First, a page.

Cutaneous Larval Migrans (Hookworm)
Cutaneous larval migrans (CLM) is a zoonotic infection caused by hookworm larvae migrating through the skin. Several species of hookworm have been implicated in this disease, but it is most commonly caused by larvae of the species Ancyclostoma braziliense and Ancyclostoma caninum, both of which are intestinal parasites of dogs, cats and other carnivores. The eggs are passed in the feces of animals and develop into infective larvae in six to 12 days. The larvae can then survive in the environment for up to four weeks. Humans develop cutaneous larval migrans when larvae come into contact with exposed skin. This can occur when an individual walks through contaminated soil or sand in bare feet or sits in contaminated soil or sand. Disease occurs more commonly in tropical or subtropical areas. Humans are considered dead-end hosts for these parasites, and human-to-human transmission does not occur.
The larvae penetrate and migrate through the skin causing inflamed tracts in the skin. These tracts are extremely itchy, and secondary bacterial infection is common due to self-trauma produced by scratching. The larvae continue to migrate through the skin for two to eight weeks, after which they die and the disease spontaneously cures itself. CLM can be treated with antiparasiticides and antibiotics for secondary bacterial infections if necessary.
Animals associated with cutaneous larval migrans include:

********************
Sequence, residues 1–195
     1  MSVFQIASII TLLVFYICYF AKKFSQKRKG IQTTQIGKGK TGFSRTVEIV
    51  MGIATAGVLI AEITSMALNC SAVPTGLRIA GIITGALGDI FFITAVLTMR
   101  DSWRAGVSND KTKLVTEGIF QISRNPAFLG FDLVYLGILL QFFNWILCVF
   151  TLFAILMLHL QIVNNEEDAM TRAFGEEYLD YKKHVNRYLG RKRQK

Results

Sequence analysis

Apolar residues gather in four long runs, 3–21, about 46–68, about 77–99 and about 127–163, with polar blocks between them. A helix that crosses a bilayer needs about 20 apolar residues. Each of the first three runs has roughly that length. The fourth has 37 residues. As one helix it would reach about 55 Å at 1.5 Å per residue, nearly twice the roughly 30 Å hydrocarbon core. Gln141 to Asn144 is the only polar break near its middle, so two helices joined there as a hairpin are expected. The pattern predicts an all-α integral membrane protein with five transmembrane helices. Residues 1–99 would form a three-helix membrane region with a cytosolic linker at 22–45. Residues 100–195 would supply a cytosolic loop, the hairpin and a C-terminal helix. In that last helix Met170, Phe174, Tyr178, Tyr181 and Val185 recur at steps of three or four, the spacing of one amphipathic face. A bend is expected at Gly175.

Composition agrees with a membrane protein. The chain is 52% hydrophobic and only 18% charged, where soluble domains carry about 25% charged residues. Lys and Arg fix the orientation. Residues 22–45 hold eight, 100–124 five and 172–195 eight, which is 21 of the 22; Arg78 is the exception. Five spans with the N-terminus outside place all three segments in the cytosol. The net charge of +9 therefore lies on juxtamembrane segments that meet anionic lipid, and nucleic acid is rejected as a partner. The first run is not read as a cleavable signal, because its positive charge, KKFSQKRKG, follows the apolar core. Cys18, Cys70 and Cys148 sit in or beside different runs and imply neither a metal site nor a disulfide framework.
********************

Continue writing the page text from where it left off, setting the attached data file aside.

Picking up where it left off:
- Cats: Cats can have hookworms in their intestinal tracts and shed the eggs in their feces.
- Dogs: Dogs can have hookworms in their intestinal tracts and shed the eggs in their feces.
- Other carnivores: Other carnivores can also have hookworms in their intestinal tracts and can shed the eggs in their feces.
Steps to reduce your risk of cutaneous larval migrans:
- Clean your pet's living area at least twice a week. Feces should be either buried or bagged and disposed of in the trash. Wash your hands after handling pet waste. Keeping your pet’s living area clean will prevent environmental contamination.
- Take your pets to the veterinarian to prevent infection with hookworm. Your veterinarian can recommend a testing and treatment plan for deworming.
- Wear shoes and other protective clothing to avoid contact with contaminated soil or sand.
- Travelers to tropical or subtropical climates should wear shoes and protective mats to prevent skin contact with soil or sand.
Cutaneous larval migrans resources:
Last updated: 09/16/2014
Zoonotic Disease Program